How-To Draw Mickey Mouse – 1920s | Magic Kingdom Park

How-To Draw Mickey Mouse – 1920s | Magic Kingdom Park

– Hi everyone. I’m Steven. I’m an artist at Disney’s
Art of Animation Resort in Florida! Of course, you already know
Mickey Mouse and Minnie Mouse. Every day, you find me or
another Walt Disney World artist in Disney’s Art of Animation Resort lobby, teaching guests how to draw their favorite Disney characters. Today, for a special how to draw video, I’m on the road at Magic Kingdom Park in Town Square Theater. This is where guests can
Mickey Mouse and Minnie Mouse as part of Mickey and
Minnie’s Surprise Celebration. You know, they’re both
celebrating 90 years of magic. Thanks for letting us
use the room for a bit. This is first of three videos where I’ll teach you
how to draw Mickey Mouse throughout the years. Mickey Mouse had always been Mickey, but how artists have drawn
him has changed a bit over the years. Today, we’re going to sketch Mickey as artists had drawn
him in the late 1920s. Mickey and Minnie are due at the Move It! Shake It!
MousekeDance It! Street Party. Say hi to Chip and Dale for me. The first thing we’re going
to do is draw a simple circle. We’re gonna draw a circle
about the size of an orange. I’m going to keep this
circle very light and rough and we’re going to use it this shape as a like a construction shape in order to build our character’s head. Follow that with a couple curve lines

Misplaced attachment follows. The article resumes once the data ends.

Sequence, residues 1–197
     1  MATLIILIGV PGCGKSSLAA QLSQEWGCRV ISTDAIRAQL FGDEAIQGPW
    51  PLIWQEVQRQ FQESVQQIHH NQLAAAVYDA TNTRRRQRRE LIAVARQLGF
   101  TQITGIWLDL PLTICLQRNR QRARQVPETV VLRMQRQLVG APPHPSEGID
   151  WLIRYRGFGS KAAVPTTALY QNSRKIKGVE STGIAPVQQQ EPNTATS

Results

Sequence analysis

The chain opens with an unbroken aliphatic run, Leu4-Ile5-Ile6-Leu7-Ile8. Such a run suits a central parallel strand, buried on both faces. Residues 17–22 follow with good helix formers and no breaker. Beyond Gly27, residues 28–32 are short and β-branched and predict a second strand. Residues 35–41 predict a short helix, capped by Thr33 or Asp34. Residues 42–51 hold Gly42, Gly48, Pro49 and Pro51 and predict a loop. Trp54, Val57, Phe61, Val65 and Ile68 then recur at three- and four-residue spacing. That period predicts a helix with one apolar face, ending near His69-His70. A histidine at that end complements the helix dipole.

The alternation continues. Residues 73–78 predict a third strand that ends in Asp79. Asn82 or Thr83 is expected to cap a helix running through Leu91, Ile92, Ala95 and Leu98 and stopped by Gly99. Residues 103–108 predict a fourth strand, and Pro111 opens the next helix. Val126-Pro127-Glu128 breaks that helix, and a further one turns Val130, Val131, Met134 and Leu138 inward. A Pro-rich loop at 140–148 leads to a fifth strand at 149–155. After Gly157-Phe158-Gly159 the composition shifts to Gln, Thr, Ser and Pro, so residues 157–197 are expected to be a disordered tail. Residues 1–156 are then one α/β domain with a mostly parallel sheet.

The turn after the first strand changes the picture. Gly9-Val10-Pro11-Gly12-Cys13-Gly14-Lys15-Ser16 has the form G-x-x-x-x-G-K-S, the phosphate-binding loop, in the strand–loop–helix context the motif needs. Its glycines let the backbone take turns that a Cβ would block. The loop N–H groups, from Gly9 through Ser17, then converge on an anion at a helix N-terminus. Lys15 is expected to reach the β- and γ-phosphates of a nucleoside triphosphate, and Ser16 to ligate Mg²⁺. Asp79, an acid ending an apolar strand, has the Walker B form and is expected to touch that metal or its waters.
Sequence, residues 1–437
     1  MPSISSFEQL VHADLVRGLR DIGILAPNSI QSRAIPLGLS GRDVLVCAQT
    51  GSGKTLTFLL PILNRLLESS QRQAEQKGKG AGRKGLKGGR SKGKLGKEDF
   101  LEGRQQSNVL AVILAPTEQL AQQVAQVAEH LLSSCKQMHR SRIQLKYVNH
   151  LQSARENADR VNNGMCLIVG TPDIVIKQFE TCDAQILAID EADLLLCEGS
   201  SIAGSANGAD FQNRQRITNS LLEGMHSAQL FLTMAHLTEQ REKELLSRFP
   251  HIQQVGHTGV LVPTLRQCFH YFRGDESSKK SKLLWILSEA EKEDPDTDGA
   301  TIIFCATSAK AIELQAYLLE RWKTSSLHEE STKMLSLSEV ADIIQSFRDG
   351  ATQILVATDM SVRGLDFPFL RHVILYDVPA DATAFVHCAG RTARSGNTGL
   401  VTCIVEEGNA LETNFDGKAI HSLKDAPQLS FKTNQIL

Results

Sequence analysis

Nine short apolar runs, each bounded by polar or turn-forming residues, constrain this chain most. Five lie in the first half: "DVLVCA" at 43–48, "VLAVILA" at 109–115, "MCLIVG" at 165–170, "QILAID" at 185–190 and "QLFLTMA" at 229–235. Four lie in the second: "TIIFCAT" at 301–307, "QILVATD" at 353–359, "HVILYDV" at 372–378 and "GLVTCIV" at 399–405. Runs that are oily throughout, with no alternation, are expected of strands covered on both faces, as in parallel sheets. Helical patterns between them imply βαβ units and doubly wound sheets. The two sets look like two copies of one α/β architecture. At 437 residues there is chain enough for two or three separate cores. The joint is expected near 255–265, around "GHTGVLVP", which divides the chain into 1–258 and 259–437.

that we call axis lines or guidelines. So we’re gonna draw a big curved line that goes up and down at a large curve and for the horizontal guideline, just draw a big curved line, right in the middle at a slight angle. The reason why we have
axis lines or guidelines is so we can transform our flat, 2D circle into a 3D sphere. Next, we’re gonna draw a big
oval for Mickey Mouse’s snout. With those two construction
shapes in place, let’s start adding some
line work to help define what Mickey Mouse actually looks like. Start off by drawing a big curved line, (upbeat music) at the front cross hairs of our 3D sphere. I’m gonna curve on down and loop it on around to form almost like a sideways number six. With the snout complete,
let’s draw a smaller oval for Mickey’s nose. Next, Mickey’s mouth. From the end of snout curve on down. Keep it within our construction shape, and curve right on over to
the inside part of the snout. Inside the mouth, don’t
forget Mickey’s tongue. I’m going to sketch out a
couple overlapping curves. After that, let’s sketch
out his chin or his jawline. So next to the bottom
portion of the mouth, inside of our construction shape, just draw a big half of a circle and just follow the curve
of the actual mouth. In the 1920s, Mickey Mouse’s
eyes were drawn very big. We’ll start by drawing a large
and upside down letter U. For Mickey’s other eye,
just draw a little curve that comes off the upside down letter U, on over to the edge of
our construction shape. For the bottom of the eye, we’re going to draw a slight curve while leaving a gap on each side. For Mickey’s cheek line, we’re just going to